The heel & tongue are moderately padded for comfort over long workouts without a lot of extra weight. A mid-grade internal heel counter is bolstered by thicker neoprene(?) support strips on both the lateral and medial heel, with a similar internal/external construction offering durability to the lace holes.
The front two laces run through loops resembling Nike Flywires, but they attach to the internal support piece about a centimeter below the opening rather than running down to the midsole. The medium-width laces do not dig into my foot due to padded tongue, but the extra-wide tongue has a tendency to bunch up when tying, since it lacks an internal booty-type attachment to keep it anchored, such as found in Nike Odyssey React and the older ISOFIT uppers from Saucony. This “bunching” is easily avoided by pulling the tongue taut horiontally before tying.
One final design piece to note is a small pull-tab on the top of the heel to aid in putting the shoe on.
This upper uses at least 50% recycled materials.
Adizero SL runs on a base of Lightstrike, a medium-density EVA foam that sits between the brands Bounce and Lightstrike Pro formulations. The heel at 35 mm. drops 8.5 mm. down to 26.5 in the forefoot.
With about 80 miles on the shoe when the photos in this review were taken, you can see compression lines developing in the Lightstrike midsole which makes me wary of its ability to hold up to many miles of pounding for those who tend to wear heels out quickly.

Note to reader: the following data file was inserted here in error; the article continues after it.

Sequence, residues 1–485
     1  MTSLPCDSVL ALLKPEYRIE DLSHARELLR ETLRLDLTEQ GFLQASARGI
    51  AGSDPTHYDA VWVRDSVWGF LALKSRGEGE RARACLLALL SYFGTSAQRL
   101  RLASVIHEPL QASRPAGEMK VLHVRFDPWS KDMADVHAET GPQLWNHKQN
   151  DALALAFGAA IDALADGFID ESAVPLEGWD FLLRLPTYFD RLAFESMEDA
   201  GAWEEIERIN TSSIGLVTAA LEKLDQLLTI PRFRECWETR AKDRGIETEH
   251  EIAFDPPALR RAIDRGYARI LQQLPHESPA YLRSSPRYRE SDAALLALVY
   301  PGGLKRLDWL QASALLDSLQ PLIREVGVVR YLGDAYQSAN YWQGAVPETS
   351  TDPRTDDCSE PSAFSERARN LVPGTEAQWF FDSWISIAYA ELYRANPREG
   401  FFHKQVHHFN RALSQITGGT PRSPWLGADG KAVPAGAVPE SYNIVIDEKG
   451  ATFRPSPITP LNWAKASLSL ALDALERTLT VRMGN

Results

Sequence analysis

Lightstrike is a less-dense version of the brand’s EVA Bounce midsole, which makes it lighter. It has excellent spring-back, but the lower density means it will show wear more quickly.
That said, now with 100 miles on the shoe there is no dip below the ball of my foot, into the softer Lightstrike Pro, as I remove the sock liner and run my hand through to test for compression, which speaks to durability. In addition, there is still plenty of bounce-back when pushing up on the sole.
For comparison, a noticeable dip was apparent at 100 miles when running in Nike’s supper-soft Lunarlon foam.
This cream-colored Lightstrike Pro material peaks through two small cutouts in the sole under the forefoot. The softer Lightstrike Pro reminds me a lot of Nike’s squishy-soft React foam and FLIGHTFOAM Blast from ASICS.
In Adizero SL the combination of Lightstrike in the heel with Pro under the forefoot, framed by Lightstrike along the sides, brings stability to the ride.
This construction is similar to the Adizero Adios 6 and 7 and allows for a more stable footplant than a full React or FLIGHTFOAM Blast midsole, yet a softer feel under the ball than in a full-length Lightstrike midsole such as found in the SL20 which the SL replaces; the softer feel is also aided by almost twice the thickness.
Robust rubber grip-lines run in narrow diagonal strips down the full length of the outsole offering high grip in most conditions. Doing a lot of running in snow and slush this winter in the Midwest United States, I can attest that the grip helps. Snow packs into the spaces between lines quite readily, though, and I find myself scraping off the excess and stomping my feet as I run from snow onto a cleared surface to regain some traction.
The rubber outsole curves up the medial tip to provide a buffer for incidental scrapes in toe-off.
One final note about the outsole is that a vertical line splits the rubber for most of its length, limiting the horizontal force transferred during pronation.
The Adizero SL is one of my favorite everyday shoes for mid to long runs as well as comfortable casual wear. I really want to give this shoe full stars but hold back because I hope adidas improves the transition into toe-off for future models.
All around it is a fabulous shoe for the money, especially for those who appreciate some firmness to the midsole for stability underfoot but also a softer material to cushion the impact below the ball.